And it's not enough that we defend for ourselves, we need to speak up whenever we hear or see prejudice. My favorite line from the movie "A Few Good Men" (besides "You can't handle the truth!") is when Dawson tells Downey, "We were supposed to fight for the people who couldn't fight for themselves."

    I know you are talking about cultural sensitivity, but what I see and hear more among the middle schoolers in the US is homophobic teasing. (Locally we made national news because a hate crime was committed where an 8th grade boy shot, at point blank, an openly gay student.) Zero tolerance must mean exactly that.

  5. Hi everyone,

    Thanks for your thoughts! Interesting.

    Specifically to Fawn: I do say something about homophobia and in general everything else that is intolerant whenever I hear it in a school context. Such as recently when I was making an announcement about there being a GSA speaker coming in, and a girl thought it would be appropriate to giggle and ask her friend whether her friend is a lesbian. I only wrote about the Asian incidents here because that stuff happened very recently. And I'm sorry to hear about the nails incident! ugh.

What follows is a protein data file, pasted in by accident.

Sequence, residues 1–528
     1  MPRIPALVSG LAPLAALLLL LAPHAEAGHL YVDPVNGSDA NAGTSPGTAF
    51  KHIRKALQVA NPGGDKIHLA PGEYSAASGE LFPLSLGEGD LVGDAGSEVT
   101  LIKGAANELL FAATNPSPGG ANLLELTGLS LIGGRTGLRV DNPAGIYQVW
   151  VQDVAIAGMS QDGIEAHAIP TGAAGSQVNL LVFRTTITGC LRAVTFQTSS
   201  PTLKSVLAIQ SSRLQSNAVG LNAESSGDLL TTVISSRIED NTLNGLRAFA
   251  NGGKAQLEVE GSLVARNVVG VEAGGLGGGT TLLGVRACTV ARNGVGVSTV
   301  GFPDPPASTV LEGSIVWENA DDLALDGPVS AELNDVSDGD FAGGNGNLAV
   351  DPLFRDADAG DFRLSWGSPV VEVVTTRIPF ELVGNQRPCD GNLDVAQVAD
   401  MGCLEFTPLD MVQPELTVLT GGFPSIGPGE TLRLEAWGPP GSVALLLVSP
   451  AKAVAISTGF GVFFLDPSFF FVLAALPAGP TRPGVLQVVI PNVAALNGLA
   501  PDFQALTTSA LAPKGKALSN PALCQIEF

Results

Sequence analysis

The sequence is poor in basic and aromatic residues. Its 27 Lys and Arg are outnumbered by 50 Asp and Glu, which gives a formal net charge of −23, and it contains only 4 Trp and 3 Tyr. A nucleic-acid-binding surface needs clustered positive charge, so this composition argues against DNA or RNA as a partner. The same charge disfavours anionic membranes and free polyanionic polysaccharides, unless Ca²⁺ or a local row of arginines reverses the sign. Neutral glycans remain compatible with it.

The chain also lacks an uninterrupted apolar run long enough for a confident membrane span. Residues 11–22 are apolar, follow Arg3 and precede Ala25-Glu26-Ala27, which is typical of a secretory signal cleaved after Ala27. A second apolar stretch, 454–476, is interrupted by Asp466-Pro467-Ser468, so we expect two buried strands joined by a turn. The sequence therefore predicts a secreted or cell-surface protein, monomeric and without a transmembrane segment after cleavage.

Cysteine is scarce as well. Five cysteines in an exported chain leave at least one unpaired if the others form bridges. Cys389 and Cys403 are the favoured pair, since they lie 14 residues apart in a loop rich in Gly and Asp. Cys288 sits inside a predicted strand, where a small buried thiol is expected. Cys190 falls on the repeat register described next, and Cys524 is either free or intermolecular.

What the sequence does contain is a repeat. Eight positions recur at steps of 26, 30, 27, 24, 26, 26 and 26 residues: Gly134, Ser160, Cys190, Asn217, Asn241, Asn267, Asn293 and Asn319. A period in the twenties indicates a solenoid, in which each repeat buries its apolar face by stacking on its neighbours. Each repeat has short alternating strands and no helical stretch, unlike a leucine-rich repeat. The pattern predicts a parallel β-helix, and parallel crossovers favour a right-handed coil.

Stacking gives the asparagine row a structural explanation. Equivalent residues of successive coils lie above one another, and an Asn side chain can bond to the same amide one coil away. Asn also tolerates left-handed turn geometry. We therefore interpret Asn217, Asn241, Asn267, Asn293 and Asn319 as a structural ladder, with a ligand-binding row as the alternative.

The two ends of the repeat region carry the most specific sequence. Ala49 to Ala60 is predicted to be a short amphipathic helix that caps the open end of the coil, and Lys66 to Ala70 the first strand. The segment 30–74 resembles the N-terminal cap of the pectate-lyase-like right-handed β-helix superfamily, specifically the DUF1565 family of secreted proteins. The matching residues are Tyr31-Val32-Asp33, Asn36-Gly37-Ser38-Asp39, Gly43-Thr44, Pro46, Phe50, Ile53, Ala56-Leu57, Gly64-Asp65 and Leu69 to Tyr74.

I have to say though, that I'm not the kindest person when I address intolerance, because I simply do not have patience for their ignorance on those issues. The way I address them is probably not the most effective, because I can go from zero to UPSET very fast, if I think that they are stereotyping any group of people. One of my goals will have to be to communicate more effectively on issues like this.


  6. What a challenging situation. Teaching college students in the US, the most prevalent language issues that come up for me are students saying both "that's so gay" and "that's retarded." I put a stop to that language REAL fast and sometimes have to work through some bull-headedness from students who "didn't mean it that way," but it's important for me to point out to the entire class what was wrong with those words.

    I can't imagine what I would do in your situation--either with your colleagues or with the students.